CommUNITY in Neply

It has come to my attention that I have not written a blog entry in a very long time. I quite honestly had forgotten about my website until I was reminded of it about a week ago while I was in Haiti. I went to Neply, Haiti and interned at an organization called myLIFEspeaks for my Winterim 2016. Last Wednesday, I was asked to give a devotional to a group of elderly Haitians about the cross. I only had an hour to prepare it so I found a post I wrote on here a couple years ago and tweaked it a bit. I was nervous to say the least to give it especially since I am not the biggest public speaker. However, I think God planned for me to to remind me of The Blessing Jar.

Spending those two weeks in Neply were the best thing possible for me at this time of my life. Before the trip, I was struggling with what my purpose was in life. I was ready for change and clarity. I didn’t know where I was going to end up next year for school or what I even would want to study at college. I was bored with my life. My time in Haiti changed everything.

myLIFEspeaks is a non-profit organization started by a family from Franklin, Tennessee four years ago. They’ve decided to call the village of Neply, Haiti their permanent home. myLIFEspeaks focuses on orphan care and prevention, public health, and education in the village of Neply. They are a Christian based organization and have seriously caused Neply to thrive over these past four years. It is impossible to explain to you what exactly what goes on at myLIFEspeaks because there is so much. What I can tell you is that the people of Neply suffer from starvation and poverty; however, they are filthy rich in love and happiness. Most children get one meal a day, yet they still laugh uncontrollably. Their smiles are so contagious that my cheeks would burn at the end of the day because I found myself smiling so much. I have never been surrounded by so much joy in my whole life.

Haitians speak French Creole, so there was a language barrier. It was frustrating at times to not know exactly what they were saying to me. However, the first night I was in Neply, Mike Wilson (the co-founder of myLIFEspeaks) said to us that love has no language barrier. Everyone can understand what a smile means. His words couldn’t be more true.

The joy I felt in Neply was based on service to others and a loving community of people. It wasn’t based on materialism. Money wasn’t a focus of life there like it is in the U.S. Nobody cared what clothes you wore or how pretty your hair was. The people there only wanted hugs and smiles. They wanted to laugh with you and learn from you. What blew my mind was that every person in the village knew everyone else. They knew whose chickens and goats were whose. They knew who everyone’s children were and cared for them like their own. They knew all of their neighbor’s prayer requests. It was truly overwhelming to see how love filled this village was when in the United States some people don’t even know the name of the guy next door. It was mind blowing to see children share their one meal a day with another child. These kids were around six years old and starving. Yet, they knew that the kid next to them hadn’t eaten in a while and needed the food more than they did. So, they gave their free meal to them. This happened every day at Feeding Program. There was not one day that this action did not amaze me. We rarely see children in the U.S. share things, especially something so valuable.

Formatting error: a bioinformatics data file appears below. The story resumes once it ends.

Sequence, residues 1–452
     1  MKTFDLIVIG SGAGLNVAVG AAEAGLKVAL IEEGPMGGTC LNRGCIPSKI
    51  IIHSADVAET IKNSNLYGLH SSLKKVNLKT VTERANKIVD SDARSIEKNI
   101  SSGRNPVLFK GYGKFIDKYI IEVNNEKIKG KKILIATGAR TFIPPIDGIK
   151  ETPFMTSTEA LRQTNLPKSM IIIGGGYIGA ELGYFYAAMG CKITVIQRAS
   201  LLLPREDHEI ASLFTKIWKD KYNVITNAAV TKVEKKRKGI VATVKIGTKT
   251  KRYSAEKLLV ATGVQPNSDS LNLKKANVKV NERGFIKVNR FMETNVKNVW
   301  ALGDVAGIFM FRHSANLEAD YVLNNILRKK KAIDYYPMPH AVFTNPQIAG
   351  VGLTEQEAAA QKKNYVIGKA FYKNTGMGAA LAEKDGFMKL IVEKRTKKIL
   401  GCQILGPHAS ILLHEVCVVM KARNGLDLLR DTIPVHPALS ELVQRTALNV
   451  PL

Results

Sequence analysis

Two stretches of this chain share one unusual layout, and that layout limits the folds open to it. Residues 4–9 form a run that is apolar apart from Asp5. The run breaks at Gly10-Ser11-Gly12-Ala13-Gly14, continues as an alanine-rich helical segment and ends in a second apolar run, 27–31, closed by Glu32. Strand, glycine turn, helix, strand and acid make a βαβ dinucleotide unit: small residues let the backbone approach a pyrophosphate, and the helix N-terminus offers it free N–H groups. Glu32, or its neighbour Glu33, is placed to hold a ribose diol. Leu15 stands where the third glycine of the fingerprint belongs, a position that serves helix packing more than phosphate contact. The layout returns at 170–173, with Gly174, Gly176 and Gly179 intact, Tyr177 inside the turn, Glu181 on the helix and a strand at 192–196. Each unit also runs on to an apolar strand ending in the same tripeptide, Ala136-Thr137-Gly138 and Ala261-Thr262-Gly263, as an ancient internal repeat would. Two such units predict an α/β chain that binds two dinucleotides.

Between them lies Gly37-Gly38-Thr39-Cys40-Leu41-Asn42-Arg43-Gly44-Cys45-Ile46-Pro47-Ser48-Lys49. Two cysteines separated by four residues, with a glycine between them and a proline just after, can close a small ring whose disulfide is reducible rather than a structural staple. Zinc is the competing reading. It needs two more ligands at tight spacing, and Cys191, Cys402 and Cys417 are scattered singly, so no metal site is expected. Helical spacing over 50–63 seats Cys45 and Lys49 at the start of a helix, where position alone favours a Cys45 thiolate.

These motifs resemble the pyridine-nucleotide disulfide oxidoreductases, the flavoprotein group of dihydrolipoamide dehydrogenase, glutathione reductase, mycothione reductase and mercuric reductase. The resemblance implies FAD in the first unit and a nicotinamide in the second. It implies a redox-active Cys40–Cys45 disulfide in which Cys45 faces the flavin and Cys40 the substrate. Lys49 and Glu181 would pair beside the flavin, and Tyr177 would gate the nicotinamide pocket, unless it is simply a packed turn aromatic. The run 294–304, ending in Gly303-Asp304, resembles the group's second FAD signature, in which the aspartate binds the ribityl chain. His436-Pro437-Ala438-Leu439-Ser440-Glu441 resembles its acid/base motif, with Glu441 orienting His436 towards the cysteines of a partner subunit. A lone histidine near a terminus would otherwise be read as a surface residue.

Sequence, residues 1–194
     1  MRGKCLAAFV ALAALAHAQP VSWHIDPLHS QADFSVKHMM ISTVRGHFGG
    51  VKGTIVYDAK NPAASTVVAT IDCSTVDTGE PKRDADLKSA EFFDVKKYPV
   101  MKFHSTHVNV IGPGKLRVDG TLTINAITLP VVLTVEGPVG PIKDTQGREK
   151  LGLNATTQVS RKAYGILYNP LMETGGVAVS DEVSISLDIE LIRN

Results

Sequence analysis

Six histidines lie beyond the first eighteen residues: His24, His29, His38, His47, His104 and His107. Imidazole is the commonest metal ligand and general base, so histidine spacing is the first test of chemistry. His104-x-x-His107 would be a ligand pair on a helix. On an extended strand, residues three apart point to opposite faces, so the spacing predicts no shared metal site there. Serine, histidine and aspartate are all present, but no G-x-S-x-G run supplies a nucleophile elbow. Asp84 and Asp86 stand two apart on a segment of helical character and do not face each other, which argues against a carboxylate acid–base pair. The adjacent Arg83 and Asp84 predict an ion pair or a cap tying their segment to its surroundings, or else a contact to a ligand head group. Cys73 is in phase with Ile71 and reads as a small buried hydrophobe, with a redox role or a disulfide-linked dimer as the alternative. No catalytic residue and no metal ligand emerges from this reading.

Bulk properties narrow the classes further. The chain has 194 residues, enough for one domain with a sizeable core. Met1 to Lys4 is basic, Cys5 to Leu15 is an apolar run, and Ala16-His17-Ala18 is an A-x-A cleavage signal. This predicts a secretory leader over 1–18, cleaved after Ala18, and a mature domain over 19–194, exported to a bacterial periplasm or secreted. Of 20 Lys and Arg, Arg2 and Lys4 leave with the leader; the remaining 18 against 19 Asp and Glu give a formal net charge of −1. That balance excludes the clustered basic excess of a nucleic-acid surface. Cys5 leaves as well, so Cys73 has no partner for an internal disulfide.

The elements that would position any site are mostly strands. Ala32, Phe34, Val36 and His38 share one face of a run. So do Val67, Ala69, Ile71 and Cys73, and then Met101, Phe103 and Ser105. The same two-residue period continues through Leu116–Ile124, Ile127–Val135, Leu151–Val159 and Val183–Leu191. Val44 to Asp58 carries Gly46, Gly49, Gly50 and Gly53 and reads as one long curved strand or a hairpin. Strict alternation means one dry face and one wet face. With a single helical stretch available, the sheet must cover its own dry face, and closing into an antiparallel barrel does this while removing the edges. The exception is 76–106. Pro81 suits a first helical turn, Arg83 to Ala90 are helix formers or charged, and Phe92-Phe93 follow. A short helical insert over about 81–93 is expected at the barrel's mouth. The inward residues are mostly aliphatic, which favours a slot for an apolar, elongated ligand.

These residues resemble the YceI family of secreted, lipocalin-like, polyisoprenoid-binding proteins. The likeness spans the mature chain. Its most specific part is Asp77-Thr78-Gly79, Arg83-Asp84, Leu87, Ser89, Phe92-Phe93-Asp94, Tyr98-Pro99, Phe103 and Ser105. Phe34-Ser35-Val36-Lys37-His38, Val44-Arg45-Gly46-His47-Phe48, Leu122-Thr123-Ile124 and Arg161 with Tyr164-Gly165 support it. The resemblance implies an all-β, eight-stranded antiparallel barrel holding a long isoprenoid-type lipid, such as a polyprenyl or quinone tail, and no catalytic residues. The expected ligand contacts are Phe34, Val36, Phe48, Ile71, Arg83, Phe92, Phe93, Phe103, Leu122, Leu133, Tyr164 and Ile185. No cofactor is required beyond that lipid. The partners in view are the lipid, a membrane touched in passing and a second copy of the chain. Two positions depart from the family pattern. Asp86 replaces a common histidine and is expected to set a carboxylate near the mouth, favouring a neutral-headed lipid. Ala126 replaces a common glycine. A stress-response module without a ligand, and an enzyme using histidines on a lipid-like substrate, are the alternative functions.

My whole trip I was pondering how I could bring these experiences back home. I was wondering how I could take what I learned from the people of Neply and apply it to my everyday life in the states. Everyday life in the U.S. is polar opposite of everyday life in Haiti so I have been struggling with how I can apply my experience to my life here. For now, I think that living each day with joy and a passion to get to know and help others is the best way to do this. I know I can’t go picking up any kid I pass in public or go into a stranger’s house to pray with them in the U.S., but I can show love to every person I meet. I can try to create a sense of community by seeing people face-to-face and having real conversations with them instead of behind a screen. I can show up randomly at friends’ houses. I can surprise my parents by cleaning the house for them. I can help a stranger in need if they seem like they need it. It’s these simple things that add spontaneity and joy to life. Serving others spices life up just a bit.

Leaving Haiti was one of the hardest things I have ever had to do. I wish I was there right now. But, here I am. I’m about to start my second semester of high school tomorrow. God had taken me to Haiti for a reason. His timing was perfect and it always is. I now know where I will be attending school next year. I have a better sense of the direction God is pointing me in in life. I will never forget all of the relationships and bonds I formed with the people I met in Neply. I will continue to keep them in my prayers and I hope you do as well. My wish is to go back soon whenever that will be. But for now, I am going to try to create that same sense of community where I live.

If you have any more questions about my trip or myLIFEspeaks, don’t hesitate to ask. I hope to post more on The Blessing Jar and would love to share more stories from my trip.

kabi and me

Kabi (10) and I

Neply 2016

Nicer home in Neply

haiti 2016

In the middle, Chrisnay (6) and Keshnara (4)

kabi 2016

Kabi (10) and Olivia (unkown age) before Feeding Program


One thought on “CommUNITY in Neply

  1. Elle, I am amazed a what you are doing with you life! I am so proud of you and your commitment to make this planet a better place! God Bless you and keep on with your important work! Much Love, Coach Mac (Harding Academy)

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